Or, as they say in English, "On Matters of Tolerance and Intolerance", assuming I've got the Latin right...
The story goes Nelson Rolihlahla Mandela spent 27 years in jail as a political prisoner/terrorist and came out as a man, president and icon of forgiveness, tolerance and inclusion after enduring together with others circumstances and injustices which have turned many people into justifiable burning beacons of hate and desire for retribution. How he did it is beyond my capacity to understand and emulate- and God/Yahweh/Allah etc. knows I’ve tried for decades.
Until DARPA’s invention went mainstream, space was the final frontier. These days, the internet is either a close second or an earthbound match, with its promises of Artificial Intelligence, crowd-funding, enabling of mass communication on a planetary scale, global trade, the 24 hour news cycle, access to porn of all kinds, nearly unrestricted access to knowledge previously held only by high-ranking specialists and an increased effect of rapidly spreading speech, which used to take years, diligent effort on the part of publishers and huge efforts to spread causes and stories.
Still, the internet is under increasing threat from those who would censor and control its content, and there are fewer and fewer platforms which those who use the internet can climb digital soap boxes like they do to this day in London’s Hyde Park Fools’ Corner. Most, if not all those who regularly surf ye olde interwebs know stories of people being banned from social media platforms for their remarks, of harassment and bullying, slander, torture, and lives destroyed to the point of suicide. Most, if not all of us, know it can happen for the best and worst, wisest and dumbest of reasons, something that undoubtedly weighs heavily on the minds of good people who could contribute to mankind’s base of knowledge and wisdom if only they didn’t have to fear for their lives and reputations whenever they step out of digital front doors like ghosts into an electronic fog, to paraphrase Counting Crows’ song Round Here.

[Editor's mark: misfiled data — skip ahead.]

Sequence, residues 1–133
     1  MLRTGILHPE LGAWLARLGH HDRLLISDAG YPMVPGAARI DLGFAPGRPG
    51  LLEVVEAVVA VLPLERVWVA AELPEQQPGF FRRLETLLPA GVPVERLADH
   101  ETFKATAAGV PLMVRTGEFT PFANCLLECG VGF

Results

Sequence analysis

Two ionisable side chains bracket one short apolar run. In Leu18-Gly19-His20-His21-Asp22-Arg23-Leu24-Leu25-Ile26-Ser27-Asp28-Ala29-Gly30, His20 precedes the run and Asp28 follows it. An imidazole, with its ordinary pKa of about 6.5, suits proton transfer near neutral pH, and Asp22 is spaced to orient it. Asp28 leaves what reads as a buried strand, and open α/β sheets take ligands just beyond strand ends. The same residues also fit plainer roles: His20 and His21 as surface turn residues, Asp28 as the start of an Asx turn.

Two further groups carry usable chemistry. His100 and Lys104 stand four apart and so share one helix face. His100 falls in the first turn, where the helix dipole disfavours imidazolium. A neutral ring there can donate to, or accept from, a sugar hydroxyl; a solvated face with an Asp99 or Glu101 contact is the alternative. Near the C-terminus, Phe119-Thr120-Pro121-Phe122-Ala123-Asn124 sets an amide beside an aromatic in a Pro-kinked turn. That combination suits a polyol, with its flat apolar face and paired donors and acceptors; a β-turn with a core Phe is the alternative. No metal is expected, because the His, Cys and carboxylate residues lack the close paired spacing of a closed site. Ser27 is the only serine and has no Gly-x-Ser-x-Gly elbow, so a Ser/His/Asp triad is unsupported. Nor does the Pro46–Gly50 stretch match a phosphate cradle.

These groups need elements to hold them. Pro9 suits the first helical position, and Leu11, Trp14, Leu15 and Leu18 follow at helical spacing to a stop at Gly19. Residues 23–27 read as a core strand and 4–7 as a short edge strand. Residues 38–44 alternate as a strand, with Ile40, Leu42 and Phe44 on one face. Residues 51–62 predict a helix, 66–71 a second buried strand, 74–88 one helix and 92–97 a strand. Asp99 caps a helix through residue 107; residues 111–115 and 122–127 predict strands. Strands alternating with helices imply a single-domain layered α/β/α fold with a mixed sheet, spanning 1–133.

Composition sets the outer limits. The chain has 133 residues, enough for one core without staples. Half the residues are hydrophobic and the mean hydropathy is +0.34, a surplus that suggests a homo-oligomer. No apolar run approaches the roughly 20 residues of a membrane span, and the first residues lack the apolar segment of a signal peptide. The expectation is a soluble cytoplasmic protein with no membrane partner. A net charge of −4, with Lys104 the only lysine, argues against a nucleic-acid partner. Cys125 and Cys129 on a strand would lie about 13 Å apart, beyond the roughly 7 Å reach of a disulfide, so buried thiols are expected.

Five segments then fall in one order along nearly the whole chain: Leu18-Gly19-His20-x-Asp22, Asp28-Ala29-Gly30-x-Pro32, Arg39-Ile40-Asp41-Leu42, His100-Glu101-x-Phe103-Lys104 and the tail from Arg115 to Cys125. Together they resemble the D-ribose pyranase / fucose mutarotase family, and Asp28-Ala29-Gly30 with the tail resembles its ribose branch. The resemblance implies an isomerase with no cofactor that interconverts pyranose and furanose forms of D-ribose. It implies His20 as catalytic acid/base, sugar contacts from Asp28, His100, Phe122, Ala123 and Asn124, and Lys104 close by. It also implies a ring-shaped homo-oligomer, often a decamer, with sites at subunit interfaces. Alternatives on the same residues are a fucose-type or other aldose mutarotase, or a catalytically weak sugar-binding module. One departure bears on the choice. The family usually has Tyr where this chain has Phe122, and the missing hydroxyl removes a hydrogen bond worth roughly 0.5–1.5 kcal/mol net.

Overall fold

The illustrious American Founding Father Thomas Jefferson once said “I would rather be exposed to the inconveniences attending too much liberty than those attending too small a degree of it”. I believe he was right, but also that like myself, he left out something that ought to be self-evident, but when looking at what’s happening, is not, and that is “the use of freedom must not be in such a way as to wrongly paint with a malicious brush or attempt to oppress the opinions of those with whom we disagree, just because we disagree”. For my part, I left out of the “Thanksgiving South African Style” post that “comparing evil or hardship and always finding something worse or someone worse off than us, does not excuse us from constantly trying to improve our situation or those of whom we see suffering to a degree we find intolerable”. In other, less PC words, I was saying “just because there’s somebody worse off than you does not mean you should do nothing about sorting your shit out- reach for the stars, damn it!”